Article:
Thomas Jefferson Papers

From Thomas Jefferson to William Barton, 12 November 1801

To William Barton

Washington Nov. 12. 1801.

Dear Sir

I have duly recieved your favor of Oct. 30. and the honour of your proposition to address to me your treatise on the law of nations. this proof of respect cannot but be flattering to one who entertains a sincere esteem for your person and character. the subject is important, involved in errors & contradictions, which, for the peace of the world, it1 is very desireable to see rectified. but the want of a physical test whereby to try principles, and the passions & interests & power of the nations who are called to their bar, render that rectification very difficult. still every effort is laudable which goes to that object, and tends to promote it by increasing the mass of authorities which bear witness in it’s favor. Accept my best wishes for the success of your work & assurances of my high esteem & respect.

Th: Jefferson

RC (Sotheby’s, 2008); at foot of text: “William Barton esq.” PrC (DLC).

Barton’s treatise was published in Philadelphia in 1802 with the title A Dissertation on the Freedom of Navigation and Maritime Commerce, and Such Rights of States, Relative Thereto, as are Founded on the Law of Nations: Adapted More Particularly to the United States (Sowerby description begins E. Millicent Sowerby, comp., Catalogue of the Library of Thomas Jefferson, Washington, D.C., 1952–59, 5 vols. description ends , No. 2134; Shaw-Shoemaker description begins Ralph R. Shaw and Richard H. Shoemaker, comps., American Bibliography: A Preliminary Checklist for 1801–1819, New York, 1958–63, 22 vols. description ends , No. 1845). The dedication page reads: “To Thomas Jefferson, L.L.D. President of the United States of America; Eminently Distinguished by his Talents and Virtues, and Rendered Still More Illustrious by the Approving Voice of his Country; the Following Dissertation is Inscribed, with Sentiments of the Highest Respect and the Greatest Personal Consideration, by The Author. Lancaster, in Pennsylvania; November, 1801.” Barton sent TJ a copy of the book in February; see Barton to TJ, 20 Feb. 1802.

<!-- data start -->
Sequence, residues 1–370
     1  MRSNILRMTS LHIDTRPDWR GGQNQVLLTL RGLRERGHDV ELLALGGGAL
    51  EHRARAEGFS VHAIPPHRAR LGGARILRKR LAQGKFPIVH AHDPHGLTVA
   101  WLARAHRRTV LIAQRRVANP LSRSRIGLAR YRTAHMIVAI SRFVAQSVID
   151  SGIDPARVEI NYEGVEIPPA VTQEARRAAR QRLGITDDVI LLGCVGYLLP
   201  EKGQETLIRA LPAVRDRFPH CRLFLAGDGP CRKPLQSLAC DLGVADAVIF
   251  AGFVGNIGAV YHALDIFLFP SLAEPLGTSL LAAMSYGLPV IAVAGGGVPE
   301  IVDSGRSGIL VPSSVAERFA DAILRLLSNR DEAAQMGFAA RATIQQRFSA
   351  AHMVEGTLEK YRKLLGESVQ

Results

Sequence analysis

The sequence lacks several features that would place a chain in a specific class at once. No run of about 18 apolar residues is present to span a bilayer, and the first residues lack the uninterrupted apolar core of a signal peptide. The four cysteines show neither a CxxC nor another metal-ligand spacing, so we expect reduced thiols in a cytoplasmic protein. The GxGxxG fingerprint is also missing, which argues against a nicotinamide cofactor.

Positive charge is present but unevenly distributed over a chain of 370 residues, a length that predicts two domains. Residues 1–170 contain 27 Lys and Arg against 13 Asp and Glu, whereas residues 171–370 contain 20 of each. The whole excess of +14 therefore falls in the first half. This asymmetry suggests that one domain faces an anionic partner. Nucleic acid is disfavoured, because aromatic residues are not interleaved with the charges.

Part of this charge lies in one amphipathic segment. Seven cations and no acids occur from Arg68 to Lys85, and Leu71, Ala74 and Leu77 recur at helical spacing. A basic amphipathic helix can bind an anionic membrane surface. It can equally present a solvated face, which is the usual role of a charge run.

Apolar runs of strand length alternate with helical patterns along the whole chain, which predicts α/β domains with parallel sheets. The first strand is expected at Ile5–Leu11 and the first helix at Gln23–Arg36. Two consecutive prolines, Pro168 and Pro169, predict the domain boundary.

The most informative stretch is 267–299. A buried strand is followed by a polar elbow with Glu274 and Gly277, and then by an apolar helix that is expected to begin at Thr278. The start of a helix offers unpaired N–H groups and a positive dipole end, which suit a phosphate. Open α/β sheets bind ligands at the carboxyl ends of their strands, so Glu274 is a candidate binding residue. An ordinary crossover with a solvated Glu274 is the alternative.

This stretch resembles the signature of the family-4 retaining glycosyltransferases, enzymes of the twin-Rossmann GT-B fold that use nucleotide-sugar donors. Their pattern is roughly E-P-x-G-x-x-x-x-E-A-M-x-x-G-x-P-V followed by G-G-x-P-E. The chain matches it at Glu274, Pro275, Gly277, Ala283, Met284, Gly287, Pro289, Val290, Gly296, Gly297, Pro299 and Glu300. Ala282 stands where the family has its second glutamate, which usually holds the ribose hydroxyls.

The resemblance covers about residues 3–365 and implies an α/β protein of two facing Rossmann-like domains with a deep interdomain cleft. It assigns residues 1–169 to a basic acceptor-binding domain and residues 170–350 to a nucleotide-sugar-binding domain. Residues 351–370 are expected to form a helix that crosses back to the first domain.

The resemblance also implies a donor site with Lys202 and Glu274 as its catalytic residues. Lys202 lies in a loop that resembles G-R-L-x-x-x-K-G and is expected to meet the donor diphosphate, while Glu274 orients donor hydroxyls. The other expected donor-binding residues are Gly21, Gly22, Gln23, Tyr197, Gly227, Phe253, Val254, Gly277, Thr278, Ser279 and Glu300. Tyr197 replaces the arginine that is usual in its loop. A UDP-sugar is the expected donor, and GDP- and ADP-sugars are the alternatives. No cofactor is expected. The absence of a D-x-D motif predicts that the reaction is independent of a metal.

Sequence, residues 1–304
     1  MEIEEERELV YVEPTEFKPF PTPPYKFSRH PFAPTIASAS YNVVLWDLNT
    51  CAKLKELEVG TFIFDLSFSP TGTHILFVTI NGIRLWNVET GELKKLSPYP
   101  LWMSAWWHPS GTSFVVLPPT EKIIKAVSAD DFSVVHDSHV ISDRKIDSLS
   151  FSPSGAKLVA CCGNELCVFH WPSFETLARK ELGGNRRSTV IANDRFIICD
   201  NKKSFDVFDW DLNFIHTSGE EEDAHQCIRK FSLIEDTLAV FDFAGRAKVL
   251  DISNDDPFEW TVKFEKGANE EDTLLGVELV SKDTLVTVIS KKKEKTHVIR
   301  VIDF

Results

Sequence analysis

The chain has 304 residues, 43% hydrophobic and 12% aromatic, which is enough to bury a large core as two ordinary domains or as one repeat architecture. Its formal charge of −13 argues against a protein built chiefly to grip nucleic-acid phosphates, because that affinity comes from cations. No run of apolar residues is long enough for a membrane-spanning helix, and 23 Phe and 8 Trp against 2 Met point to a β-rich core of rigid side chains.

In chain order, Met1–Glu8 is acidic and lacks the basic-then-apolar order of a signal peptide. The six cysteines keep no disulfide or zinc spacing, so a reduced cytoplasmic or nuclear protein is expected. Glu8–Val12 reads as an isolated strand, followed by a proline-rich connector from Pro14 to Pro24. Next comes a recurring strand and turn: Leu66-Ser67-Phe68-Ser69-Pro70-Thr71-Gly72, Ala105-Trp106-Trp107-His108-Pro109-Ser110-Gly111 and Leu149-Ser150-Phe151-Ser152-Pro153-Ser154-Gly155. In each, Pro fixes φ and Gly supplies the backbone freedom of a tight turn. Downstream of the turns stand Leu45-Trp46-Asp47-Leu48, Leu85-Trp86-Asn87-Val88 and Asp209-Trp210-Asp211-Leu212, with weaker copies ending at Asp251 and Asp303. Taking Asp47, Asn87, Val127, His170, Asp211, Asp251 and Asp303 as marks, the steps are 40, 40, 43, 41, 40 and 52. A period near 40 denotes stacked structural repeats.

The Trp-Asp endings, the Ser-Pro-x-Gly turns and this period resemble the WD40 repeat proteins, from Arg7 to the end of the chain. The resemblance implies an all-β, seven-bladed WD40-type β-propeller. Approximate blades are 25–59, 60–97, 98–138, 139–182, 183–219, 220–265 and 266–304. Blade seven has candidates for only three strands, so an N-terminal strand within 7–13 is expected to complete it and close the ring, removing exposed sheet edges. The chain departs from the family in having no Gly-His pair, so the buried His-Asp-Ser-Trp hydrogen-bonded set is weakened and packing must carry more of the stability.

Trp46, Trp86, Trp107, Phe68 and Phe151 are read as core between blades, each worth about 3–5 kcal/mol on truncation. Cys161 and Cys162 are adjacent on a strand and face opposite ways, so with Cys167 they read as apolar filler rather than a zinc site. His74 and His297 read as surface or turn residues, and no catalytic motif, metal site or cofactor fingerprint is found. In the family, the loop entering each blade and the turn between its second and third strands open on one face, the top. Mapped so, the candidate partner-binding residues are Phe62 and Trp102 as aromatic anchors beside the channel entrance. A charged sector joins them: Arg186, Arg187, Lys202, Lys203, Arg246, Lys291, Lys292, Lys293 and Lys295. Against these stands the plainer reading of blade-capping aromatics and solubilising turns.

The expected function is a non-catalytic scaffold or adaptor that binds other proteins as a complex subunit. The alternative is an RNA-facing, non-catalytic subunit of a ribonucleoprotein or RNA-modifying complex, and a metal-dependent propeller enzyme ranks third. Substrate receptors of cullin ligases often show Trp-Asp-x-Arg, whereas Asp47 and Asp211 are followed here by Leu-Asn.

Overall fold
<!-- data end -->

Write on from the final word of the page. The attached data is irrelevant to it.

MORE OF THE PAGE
1TJ here canceled “were greatly to be.”

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